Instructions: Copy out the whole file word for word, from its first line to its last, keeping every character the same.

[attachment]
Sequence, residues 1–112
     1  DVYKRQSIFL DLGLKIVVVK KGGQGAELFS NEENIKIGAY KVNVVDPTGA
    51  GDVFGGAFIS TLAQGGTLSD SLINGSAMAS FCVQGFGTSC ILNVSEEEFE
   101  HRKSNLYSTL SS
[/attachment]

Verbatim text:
Sequence, residues 1–112
     1  DVYKRQSIFL DLGLKIVVVK KGGQGAELFS NEENIKIGAY KVNVVDPTGA
    51  GDVFGGAFIS TLAQGGTLSD SLINGSAMAS FCVQGFGTSC ILNVSEEEFE
   101  HRKSNLYSTL SS